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Beyond Penn's Treaty

The Bank of Faith and Works United

Page out of 56
shilling in the world, and have one hundrend miles to go,
to my husband, who is at a new plantation. I have come
one hundred miles, where we have moved from, and yes-
terday I had my pocket book, with my money; but have
lost it, and yet I know not how or where! I went into
supper, being sent for, with a pitiful tale, to the company
who eat with me, which consisted of eight merchants, and
one female; but no impression could be made on any
heart, by my arguments of wo, to alleviate the wretched
situation of this poor woman, and her three children!
therefore, my Gracious God moved my soul to go and give
her a part of my money, with this message, I can but
tell thee of one Friend, and that is God; take this money,
and He who has provided this for thee to-day, will pro-
vide for thee to-morrow: trust in Him. I suppose this
person was as much astonished as she could be; for she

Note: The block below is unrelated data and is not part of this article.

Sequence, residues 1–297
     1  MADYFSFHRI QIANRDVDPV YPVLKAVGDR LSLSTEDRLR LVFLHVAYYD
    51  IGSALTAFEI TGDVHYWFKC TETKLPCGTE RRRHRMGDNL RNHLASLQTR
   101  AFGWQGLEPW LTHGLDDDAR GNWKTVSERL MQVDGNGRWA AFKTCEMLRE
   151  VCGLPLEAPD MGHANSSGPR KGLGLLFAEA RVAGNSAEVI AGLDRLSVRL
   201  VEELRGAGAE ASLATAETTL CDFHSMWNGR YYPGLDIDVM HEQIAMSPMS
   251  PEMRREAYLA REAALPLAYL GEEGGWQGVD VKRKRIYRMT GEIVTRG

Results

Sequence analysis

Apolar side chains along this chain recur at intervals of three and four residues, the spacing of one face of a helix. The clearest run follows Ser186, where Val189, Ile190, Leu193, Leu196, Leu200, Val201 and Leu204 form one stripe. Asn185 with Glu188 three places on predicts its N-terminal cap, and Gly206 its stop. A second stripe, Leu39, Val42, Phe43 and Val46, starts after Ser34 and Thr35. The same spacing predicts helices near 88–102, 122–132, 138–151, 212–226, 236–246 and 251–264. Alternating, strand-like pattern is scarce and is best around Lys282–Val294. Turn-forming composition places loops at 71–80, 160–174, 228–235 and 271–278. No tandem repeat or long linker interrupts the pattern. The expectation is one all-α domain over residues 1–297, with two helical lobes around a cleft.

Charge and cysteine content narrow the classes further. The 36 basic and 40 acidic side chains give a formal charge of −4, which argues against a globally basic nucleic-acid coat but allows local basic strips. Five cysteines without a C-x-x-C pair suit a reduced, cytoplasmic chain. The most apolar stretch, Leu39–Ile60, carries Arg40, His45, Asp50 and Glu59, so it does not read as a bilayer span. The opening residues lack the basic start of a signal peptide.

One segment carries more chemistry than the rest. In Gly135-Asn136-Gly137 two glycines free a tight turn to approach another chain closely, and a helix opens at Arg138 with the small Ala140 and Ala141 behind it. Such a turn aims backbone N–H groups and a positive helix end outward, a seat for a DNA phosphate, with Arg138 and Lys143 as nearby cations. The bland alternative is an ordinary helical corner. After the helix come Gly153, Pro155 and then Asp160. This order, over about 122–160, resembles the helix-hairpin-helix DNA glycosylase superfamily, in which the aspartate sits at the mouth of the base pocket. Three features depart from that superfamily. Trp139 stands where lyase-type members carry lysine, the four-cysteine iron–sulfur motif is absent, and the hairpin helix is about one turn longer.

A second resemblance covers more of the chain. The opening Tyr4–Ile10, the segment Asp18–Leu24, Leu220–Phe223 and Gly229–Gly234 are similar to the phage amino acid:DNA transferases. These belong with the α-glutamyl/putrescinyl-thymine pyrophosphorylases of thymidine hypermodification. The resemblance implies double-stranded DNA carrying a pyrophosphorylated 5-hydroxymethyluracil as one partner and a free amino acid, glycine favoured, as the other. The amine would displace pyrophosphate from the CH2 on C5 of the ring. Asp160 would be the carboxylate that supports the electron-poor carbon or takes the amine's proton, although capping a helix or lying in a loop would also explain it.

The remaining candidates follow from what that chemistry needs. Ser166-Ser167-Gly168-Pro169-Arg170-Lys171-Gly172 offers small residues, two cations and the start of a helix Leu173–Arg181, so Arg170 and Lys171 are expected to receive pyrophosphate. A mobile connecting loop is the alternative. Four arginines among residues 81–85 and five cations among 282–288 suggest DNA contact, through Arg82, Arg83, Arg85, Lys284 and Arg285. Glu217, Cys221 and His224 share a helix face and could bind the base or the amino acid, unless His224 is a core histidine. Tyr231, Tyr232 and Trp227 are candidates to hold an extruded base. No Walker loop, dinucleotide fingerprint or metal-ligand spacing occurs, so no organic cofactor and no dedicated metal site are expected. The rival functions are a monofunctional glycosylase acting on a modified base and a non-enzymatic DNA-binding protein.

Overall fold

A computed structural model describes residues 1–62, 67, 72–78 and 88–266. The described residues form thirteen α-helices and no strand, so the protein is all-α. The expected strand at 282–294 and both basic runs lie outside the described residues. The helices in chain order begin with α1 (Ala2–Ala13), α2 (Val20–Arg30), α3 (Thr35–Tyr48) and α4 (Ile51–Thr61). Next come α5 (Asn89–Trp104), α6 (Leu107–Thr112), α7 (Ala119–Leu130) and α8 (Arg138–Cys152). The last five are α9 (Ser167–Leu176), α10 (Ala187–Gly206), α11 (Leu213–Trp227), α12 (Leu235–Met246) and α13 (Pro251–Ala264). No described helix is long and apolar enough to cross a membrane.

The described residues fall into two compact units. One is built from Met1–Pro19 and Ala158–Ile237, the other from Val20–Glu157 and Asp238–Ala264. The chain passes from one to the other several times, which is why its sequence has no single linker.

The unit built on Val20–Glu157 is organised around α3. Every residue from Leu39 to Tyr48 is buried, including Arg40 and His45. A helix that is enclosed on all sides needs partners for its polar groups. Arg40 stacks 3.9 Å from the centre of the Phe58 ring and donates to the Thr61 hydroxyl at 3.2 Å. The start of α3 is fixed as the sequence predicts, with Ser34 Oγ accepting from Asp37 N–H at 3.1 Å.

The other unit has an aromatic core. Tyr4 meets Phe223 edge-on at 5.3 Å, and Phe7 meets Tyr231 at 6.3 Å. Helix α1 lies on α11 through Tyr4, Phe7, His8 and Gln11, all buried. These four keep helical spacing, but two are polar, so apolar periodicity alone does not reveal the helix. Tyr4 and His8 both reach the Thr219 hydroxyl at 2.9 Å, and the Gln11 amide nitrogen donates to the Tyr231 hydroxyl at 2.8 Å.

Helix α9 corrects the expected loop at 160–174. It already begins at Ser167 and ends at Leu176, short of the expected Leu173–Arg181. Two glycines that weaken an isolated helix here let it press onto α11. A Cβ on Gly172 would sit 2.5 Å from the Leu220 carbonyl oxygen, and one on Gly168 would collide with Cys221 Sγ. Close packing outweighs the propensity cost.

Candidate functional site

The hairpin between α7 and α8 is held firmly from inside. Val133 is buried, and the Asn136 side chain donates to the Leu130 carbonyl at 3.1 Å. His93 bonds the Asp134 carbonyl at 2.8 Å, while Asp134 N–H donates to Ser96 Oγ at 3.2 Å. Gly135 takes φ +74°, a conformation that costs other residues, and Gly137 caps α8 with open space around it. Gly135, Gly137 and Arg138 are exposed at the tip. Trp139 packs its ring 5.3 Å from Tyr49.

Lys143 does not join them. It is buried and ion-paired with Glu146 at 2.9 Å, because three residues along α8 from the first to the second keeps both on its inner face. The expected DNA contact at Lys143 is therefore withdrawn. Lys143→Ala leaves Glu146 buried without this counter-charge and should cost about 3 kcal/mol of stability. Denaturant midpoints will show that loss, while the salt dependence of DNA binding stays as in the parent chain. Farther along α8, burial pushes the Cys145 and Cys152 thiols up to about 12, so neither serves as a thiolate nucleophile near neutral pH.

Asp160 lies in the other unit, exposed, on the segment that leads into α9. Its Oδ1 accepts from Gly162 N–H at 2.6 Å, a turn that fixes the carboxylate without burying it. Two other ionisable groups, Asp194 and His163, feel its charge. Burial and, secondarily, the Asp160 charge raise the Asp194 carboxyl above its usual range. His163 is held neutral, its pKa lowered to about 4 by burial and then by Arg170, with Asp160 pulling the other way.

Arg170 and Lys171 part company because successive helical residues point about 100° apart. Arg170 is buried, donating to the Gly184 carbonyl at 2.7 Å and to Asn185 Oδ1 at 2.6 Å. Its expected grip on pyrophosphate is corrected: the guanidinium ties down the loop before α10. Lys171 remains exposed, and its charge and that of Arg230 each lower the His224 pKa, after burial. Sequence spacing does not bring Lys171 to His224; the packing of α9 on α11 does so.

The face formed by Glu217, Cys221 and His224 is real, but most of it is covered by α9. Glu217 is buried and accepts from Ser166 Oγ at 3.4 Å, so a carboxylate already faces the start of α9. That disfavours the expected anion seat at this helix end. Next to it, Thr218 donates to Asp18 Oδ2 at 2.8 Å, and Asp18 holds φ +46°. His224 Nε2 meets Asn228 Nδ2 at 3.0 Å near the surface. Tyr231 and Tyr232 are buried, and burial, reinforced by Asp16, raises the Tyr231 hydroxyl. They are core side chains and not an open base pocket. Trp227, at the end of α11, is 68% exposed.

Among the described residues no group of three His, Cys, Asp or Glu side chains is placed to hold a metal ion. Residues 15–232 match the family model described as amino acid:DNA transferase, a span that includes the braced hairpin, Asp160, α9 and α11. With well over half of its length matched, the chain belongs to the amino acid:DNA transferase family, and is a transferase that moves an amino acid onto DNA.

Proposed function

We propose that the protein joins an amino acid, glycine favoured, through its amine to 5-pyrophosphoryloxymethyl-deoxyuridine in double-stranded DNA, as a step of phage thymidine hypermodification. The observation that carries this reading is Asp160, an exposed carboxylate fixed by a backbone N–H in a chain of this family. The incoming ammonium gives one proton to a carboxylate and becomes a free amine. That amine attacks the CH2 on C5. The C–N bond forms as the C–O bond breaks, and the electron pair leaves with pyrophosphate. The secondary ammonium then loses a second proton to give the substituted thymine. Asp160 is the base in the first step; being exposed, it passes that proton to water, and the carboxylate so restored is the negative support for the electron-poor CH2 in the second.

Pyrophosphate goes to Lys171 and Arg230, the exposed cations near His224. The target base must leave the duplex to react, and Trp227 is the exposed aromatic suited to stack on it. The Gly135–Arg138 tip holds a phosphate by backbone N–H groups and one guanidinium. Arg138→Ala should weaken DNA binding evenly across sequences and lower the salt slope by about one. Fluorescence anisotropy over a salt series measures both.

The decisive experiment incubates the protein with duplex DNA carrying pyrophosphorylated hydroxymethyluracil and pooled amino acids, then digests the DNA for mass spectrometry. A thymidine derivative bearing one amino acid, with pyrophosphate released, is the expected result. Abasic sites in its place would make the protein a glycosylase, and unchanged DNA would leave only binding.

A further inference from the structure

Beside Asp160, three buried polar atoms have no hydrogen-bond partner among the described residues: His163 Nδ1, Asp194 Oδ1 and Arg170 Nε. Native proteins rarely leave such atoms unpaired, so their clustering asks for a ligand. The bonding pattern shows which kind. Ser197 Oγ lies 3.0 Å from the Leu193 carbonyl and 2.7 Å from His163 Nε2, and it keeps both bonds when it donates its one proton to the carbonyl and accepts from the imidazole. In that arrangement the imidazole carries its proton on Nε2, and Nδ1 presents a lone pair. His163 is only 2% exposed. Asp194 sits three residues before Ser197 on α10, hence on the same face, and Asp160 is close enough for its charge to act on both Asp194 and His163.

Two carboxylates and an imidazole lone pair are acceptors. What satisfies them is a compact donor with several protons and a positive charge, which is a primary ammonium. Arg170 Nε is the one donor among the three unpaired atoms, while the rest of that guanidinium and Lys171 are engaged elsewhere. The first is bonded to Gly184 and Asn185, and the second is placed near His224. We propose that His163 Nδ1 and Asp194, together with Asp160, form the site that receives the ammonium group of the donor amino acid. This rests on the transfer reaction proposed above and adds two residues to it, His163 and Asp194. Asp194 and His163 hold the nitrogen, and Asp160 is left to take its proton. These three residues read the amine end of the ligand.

had got into the waggon to set off, the sun being gone
down. What a compassionate Friend is our Heavenly
Father! and how mindful is He of all His creatures, who
are scattered up and down over the earth! having always
servants at hand, to do His Work for Him; unless He in-
tends to honour any of His children, with His extraordina-
ry Love, as He did when He led through the Red Sea six
hundred thousand men, besides women and children, for
whom the waves divided at the Presence of Jehovah, who
appointed them at the first their secret bars.

The 26th I got to Vernon, and was introduced to Cal-
vin Young
, who was Innkeeper there. The stranger that
requested Calvin Young to be a father to me, came pas-
senger from Utica, and was like a brother to me, reward-
ing the mercy I manifested the day before. How many
times we lose the blessing of God, for want of searching
out the miseries of mankind, and supplying them out of
our little stock, which is the Lord’s, to do his Will!

The 27th of 7th mo. 1805, Calvin Young said he would
go with me to Oneida Castle, to see the Indians of the Six
Nations, and particularly Skanando, the oldest Chief, who
was a great favourite of his, from his sobriety. Before I